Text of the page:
100%(8)8 out of 8 people found this document helpful
This preview shows page 1 - 4 out of 8 pages.
Vincent GalloCHM-3120C-903Lab 8 Spectrophotometric Determination of Iron in Mohr’s Salt with PhenanthrolineMarch 28th2016
I. IntroductionSpectrophotometric techniques are commonly used in analytical experiments in order to determine the concentration of different solutes in solution. Spectrophotometry uses the dual nature of light both as a particle and a wave so that the absorbance reading of a solution can be determined. Absorbance is crucial because it is directly proportional to concentration. Beer’s-Lambert law incorporates the relationship between absorption and concentration so that either of the two and or molar concentration can be found via this equation: A=εlcBeer’s law works for monochromatic radiation passing through a dilute solution in whichthe absorbing species is not participating in a concentration-dependent equilibrium. The color of a solution is the complement of the color of the light that it absorbs. The color weperceive depends not only on the wavelength of light but also on its intensity. In this experiment, a bidentate ligand, o-phenantrholine will react with iron (II) to form a complex ion. It is important to note that a bidentate ligand is a lewis base that donates two pairs of electrons to a metal atom. In this case, o-phenanthroline interacts with a divalent iron atom in solution the reaction seen below:phen¿¿+¿+¿↔Fe¿Fe(II)+3phen H¿Iron in its ferrous state has a maximum absorbance reading at a wavelength of 508nm. Several trials incorporating different volumes of stock solution will provide a linear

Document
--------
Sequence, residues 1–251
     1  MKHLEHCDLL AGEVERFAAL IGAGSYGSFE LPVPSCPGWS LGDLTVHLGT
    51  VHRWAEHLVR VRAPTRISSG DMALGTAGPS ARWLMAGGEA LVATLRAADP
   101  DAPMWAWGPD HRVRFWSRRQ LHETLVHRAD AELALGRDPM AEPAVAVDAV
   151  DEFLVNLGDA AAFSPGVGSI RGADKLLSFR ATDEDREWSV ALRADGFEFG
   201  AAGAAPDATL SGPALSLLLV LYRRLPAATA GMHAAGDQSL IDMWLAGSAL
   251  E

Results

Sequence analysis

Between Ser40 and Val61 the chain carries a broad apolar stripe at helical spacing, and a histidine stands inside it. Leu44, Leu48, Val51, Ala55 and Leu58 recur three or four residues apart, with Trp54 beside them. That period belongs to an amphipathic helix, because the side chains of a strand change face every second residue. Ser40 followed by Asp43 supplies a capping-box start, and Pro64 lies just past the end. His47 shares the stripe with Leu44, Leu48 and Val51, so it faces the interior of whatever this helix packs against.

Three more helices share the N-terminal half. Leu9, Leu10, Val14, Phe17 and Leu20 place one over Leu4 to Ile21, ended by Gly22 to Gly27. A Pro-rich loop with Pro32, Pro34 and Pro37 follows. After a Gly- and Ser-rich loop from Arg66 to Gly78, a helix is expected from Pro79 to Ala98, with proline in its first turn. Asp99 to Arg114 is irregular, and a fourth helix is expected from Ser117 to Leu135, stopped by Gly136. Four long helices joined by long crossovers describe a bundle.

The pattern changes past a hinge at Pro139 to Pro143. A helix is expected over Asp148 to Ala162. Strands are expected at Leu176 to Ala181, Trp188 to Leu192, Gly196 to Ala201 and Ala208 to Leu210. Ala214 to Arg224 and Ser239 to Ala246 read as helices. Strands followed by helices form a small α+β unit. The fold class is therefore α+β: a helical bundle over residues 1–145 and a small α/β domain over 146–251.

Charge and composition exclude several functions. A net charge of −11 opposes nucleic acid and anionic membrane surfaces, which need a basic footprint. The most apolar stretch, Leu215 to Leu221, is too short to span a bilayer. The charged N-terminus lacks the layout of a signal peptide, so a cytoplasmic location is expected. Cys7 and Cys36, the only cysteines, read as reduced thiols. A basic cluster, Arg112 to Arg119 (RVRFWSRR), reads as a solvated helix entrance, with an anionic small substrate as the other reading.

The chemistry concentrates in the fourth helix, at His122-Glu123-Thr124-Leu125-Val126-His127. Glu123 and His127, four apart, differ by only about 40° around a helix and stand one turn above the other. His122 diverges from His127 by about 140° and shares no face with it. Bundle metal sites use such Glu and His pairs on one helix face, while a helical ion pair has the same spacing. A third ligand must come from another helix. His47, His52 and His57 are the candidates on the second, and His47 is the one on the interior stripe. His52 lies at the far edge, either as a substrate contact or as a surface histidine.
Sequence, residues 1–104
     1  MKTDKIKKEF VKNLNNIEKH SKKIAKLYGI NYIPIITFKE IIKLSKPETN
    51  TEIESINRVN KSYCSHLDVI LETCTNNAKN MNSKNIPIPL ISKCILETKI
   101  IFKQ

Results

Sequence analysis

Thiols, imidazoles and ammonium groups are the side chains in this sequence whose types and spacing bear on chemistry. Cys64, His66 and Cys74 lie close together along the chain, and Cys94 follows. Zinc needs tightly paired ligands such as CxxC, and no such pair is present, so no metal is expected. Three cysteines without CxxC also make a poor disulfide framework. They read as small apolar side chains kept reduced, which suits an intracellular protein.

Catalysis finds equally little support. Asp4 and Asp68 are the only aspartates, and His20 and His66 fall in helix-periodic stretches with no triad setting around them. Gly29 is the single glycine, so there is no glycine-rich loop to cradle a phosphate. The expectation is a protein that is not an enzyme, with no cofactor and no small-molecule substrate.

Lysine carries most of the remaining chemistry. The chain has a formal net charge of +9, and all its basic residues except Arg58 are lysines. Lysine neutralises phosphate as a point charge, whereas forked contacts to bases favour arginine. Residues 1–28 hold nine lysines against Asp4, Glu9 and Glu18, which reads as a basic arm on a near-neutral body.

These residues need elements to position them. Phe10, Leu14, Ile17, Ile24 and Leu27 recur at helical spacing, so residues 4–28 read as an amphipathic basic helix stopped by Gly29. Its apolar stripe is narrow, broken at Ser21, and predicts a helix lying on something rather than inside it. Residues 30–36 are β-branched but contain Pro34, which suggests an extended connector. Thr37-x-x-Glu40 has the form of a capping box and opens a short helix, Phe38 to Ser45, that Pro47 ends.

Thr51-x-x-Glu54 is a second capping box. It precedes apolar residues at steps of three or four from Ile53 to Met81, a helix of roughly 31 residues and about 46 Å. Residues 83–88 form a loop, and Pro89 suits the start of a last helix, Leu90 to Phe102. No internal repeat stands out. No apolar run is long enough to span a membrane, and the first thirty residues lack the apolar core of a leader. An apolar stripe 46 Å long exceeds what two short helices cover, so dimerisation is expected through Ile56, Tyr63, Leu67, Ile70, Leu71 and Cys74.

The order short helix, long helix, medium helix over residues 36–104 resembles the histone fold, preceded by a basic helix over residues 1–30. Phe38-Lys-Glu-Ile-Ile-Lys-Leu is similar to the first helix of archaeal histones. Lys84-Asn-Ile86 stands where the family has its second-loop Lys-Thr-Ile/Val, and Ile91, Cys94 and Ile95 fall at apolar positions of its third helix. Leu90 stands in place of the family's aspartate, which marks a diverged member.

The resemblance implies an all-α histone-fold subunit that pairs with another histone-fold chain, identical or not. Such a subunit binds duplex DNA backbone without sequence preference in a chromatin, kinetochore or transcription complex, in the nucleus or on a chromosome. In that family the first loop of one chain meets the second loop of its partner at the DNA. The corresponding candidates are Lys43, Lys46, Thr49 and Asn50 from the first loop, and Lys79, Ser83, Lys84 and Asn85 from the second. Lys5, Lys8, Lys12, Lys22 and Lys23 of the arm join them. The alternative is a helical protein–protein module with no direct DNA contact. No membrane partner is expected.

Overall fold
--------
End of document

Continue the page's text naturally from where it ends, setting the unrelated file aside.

relationship between absorbance and concentration that can be illustrated on excel. This linear function can be utilized to determine the concentration of the unknown, which is the basis of this experiment.